Meredith College Hosts First Documentary Film Festival Since 2020

The smell of buttered popcorn and rustle of candy wrappers filled Kresge Auditorium as attendees settled in for the Meredith College Documentary Film Festival, the first since 2020. 

Taking place on January 22, the festival was presented by the Department of English. The event was free and open to the public, and screened two short films and one full-length documentary.

My Name is Pauli Murray

The final film of the night was a full-length feature titled My Name is Pauli Murray by Julie Cohen and Betsy West. The film explored the life and work of Pauli Murray, who is often overlooked by history, despite her ideas being a significant influence on some of the country’s most prominent legal issues, such as Ruth Bader Ginsburg’s fight for gender equality and Thurgood Marshall’s civil rights arguments. 

Murray, an American civil rights activist, had a diverse career and life and became a lawyer, gender equality advocate, Episcopal priest, and author.

The showing was followed by a panel discussion featuring Barbara Lau, the founding director of the Pauli Murray Center for History and Social Justice, Mayme Webb-Bledsoe, the assistant vice president and director of the Duke-Durham Neighborhood Partnership and Community Development, and Murray’s niece, Rosita Stevens-Holsey. Alisa Johnson, assistant dean for the School of Arts and Humanities and associate professor of English at Meredith, served as the moderator. 

People pay attention to a zoom screen during the 2023 Documentary Film Festival.

The discussion explored how each panelist has been involved in the preservation of Murray’s legacy, impact on the LGBTQ+ community, love for writing, and lasting influences on the world. 

“It has been a journey that has been so meaningful to me to see others embrace Pauli’s work and how we interact with so differently in the world now. It’s been powerful to see how it has blossomed and allowed other people to find ways in which they can see their own selves and also be a part of a relationship that is so meaningful when you all begin to talk and begin to start breaking down these walls,” said Webb-Bledose. 

Webb-Bledsoe was also part of the team who bought Pauli Murray’s home in 2011 to protect it from demolition and preserve its historical value. The home has now become a National Historic Landmark.

Stevens-Holsey became involved with the preservation of her aunt’s legacy five years ago when she first found out about the work happening in Durham.

“Relatives had asked me for a couple of years, ‘Do you know what’s going on in North Carolina about Pauli?’ And none of us seemed to know. My niece and I decided that we would come down and find out, and that’s how we got to the center and met Barbara and some of the volunteers,” said Stevens-Holsey.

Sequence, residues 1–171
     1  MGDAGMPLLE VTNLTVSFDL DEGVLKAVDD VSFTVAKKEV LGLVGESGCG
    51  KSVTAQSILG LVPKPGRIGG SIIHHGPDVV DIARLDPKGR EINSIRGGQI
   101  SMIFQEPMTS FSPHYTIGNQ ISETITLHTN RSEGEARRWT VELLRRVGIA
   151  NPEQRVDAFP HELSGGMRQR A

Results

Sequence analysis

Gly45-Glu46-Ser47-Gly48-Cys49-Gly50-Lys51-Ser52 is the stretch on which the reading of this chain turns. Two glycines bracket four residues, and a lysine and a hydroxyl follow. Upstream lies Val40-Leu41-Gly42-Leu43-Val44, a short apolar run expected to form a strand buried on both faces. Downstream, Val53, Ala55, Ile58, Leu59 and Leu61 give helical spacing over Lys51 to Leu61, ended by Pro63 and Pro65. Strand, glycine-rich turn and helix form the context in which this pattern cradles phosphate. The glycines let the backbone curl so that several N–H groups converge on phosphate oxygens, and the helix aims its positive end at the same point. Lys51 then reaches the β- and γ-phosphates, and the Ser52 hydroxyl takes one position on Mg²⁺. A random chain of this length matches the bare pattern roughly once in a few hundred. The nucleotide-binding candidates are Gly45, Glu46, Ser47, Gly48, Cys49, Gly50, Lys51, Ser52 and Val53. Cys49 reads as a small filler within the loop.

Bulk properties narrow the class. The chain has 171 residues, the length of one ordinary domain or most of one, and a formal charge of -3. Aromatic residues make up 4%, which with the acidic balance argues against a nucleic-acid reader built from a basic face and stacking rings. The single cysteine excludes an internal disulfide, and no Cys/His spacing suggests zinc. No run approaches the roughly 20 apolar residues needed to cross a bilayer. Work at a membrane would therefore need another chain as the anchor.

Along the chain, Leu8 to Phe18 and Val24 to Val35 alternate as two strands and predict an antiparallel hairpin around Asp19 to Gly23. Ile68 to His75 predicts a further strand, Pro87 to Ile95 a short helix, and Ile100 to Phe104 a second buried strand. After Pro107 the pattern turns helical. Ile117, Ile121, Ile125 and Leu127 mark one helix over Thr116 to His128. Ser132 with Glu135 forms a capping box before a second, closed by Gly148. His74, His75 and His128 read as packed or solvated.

Since then, the three have worked together to continue researching Murray’s work and life and educating the public about her contributions to society.

Short Story Documentary Showcase

The first short film featured was Please Rescue Me, by Director Kim Best, which follows Patrick Brandt, a biochemist who rescues cats, and one time even a pet coatimundi, from trees. He has saved over 250 cats in 10 years and was in attendance. Brandt was a few minutes late because he was performing a rescue before the festival and was on his way to another after the event ended.

“The rescue this morning was a tough one, but it went well, and the cat’s down safely. This cat was very skittish, and so I kept on going further and further out onto the branch, and the owners were underneath with a blanket in case the cat fell,” said Brandt. “It was also raining, which made the rescue a little more challenging too, but the people were very happy to have their cat.”

Brandt works as the Director of Career Development and Training at UNC-Chapel Hill and rescues cats in his free time. He does not charge for his rescues because he feels it’s wrong to charge people who are in need, but he does take donations. 

The second film shown was From The Soul by Barry Thornburg. This film explores Black gospel music’s legacy, history, and how it’s been used for social change by speaking with pastors and recording genre artists.  

The artists discussed the difference between Black gospel music and white gospel music and how historically, Black individuals have seen God as a liberator. For them, the music comes from a place of truth, and the pastors feel history is best preserved and passed on through song. The film also took a closer look at the role Black gospel music has played in recent issues, such as the Black Lives Matter movement. 

The Meredith College Documentary Film Festival was presented by the Department of English with grant funding from Legacies of American Slavery, an initiative of the Council of Independent Colleges, in cooperation with the Gilder Lehrman Center for the Study of Slavery, Resistance, and Abolition at the MacMillan Center, Yale University.

Melyssa Allen

News Director
316 Johnson Hall
(919) 760-8087
Fax: (919) 760-8330